The Configuration Management System provides:

  • Integration into tools that detects dependencies, characterizes normal baselines, and identifies both scheduled and unscheduled changes
  • Integrated mapping of element relationships across an enterprise IT environment
  • Integration of asset, configuration and change data from multiple sources into a global CMDB
  • Automatic creation and dynamic maintenance of Business Service Views that eliminate manual modeling, mapping and maintenance.

CMS not only automates many of the most time- and labor-intensive aspects of configuration data management, it lets you create and store customized business rules, in the form of JavaScripts, to govern key processes. Let’s look at an example.

From Many Sources, One CMDB

The fundamental use case in CMDB implementation is populating the configuration data store from a large number of diverse management systems and data repositories across the environment, and potentially from other siloed CMDBs. Let’s assume that you’re starting such a project using the Novell Configuration Management System. You have the Novell engine up and running on a server, along with adapters for each of the management systems you’ll need to integrate with. You also have the Service Configuration Manager administrative client running on a desktop or notebook. You want to begin federating basic information about configuration items—services and all the infrastructure elements that participate in their delivery—in the CMDB.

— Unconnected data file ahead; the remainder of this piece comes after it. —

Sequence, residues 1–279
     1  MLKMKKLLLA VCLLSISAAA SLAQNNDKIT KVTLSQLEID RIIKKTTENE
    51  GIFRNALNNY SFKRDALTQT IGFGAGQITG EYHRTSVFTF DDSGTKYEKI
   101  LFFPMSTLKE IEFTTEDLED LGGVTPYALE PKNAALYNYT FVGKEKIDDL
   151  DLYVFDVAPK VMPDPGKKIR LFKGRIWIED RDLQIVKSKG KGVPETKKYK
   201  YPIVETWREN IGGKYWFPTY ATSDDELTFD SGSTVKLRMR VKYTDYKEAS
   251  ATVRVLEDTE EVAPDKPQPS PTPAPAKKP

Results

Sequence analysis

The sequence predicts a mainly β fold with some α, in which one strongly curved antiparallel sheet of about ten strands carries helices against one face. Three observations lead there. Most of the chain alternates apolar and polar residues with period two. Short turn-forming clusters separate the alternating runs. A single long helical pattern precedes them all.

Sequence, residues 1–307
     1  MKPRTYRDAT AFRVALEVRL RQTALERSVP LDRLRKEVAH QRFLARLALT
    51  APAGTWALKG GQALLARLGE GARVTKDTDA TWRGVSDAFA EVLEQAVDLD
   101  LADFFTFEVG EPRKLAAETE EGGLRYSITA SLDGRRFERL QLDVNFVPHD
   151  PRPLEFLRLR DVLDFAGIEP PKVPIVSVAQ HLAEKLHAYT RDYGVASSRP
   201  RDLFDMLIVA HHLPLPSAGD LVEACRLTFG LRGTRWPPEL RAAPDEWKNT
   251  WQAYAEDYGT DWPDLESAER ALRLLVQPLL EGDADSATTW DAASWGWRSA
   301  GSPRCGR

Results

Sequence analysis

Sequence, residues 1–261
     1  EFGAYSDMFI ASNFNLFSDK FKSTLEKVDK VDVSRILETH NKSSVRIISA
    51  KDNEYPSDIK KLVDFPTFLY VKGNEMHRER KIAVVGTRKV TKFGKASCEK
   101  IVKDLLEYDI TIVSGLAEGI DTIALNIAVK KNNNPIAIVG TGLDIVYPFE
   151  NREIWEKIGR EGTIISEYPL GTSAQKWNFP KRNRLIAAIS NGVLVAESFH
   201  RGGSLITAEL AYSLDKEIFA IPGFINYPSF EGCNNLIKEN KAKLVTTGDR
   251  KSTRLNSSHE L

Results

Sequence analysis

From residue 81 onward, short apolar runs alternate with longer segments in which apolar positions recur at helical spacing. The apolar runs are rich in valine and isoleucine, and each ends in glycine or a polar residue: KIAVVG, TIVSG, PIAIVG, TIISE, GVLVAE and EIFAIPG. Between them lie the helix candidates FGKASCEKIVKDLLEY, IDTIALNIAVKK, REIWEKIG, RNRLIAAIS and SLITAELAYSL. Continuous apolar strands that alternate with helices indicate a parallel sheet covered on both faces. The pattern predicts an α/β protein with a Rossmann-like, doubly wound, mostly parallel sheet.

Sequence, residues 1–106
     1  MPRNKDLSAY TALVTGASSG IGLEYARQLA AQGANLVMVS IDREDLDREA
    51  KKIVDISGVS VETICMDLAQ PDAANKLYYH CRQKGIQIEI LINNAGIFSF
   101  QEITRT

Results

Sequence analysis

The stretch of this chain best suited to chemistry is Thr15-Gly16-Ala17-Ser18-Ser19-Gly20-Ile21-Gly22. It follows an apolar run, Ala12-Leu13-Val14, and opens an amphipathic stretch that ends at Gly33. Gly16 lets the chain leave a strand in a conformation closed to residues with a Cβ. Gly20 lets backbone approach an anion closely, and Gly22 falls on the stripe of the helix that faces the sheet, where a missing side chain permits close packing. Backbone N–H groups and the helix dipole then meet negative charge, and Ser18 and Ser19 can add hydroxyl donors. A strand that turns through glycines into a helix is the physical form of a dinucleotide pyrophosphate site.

• Begin in the Java console by drilling down into the CMS service model. Select the CI container inside of a community—servers for instance—and right click. From the list of options that is presented, choose Service Configuration Manager (SCM). Then choose to create an SCM job.
  • Service Configuration Manager will now display a list of the available source system adapters. Since we’re seeking information on servers, select all the adapters for target systems that are likely to contain identity, role, configuration or service state information on server systems.
  • Now it’s time to decide what information we’ll select from each of the available sources, and how we’ll load that information into the CMDB. Service Configuration Manager provides a checkbox to populate the CI Attributes from the data sources, but in most cases, unless you have an exact naming match between the source attribute names and the destination CI attribute names, you will need to set up a script to do the actual processing. Regardless, the java script approach provides additional control over how CI Attributes are populated such as pre-processing to do validity checks.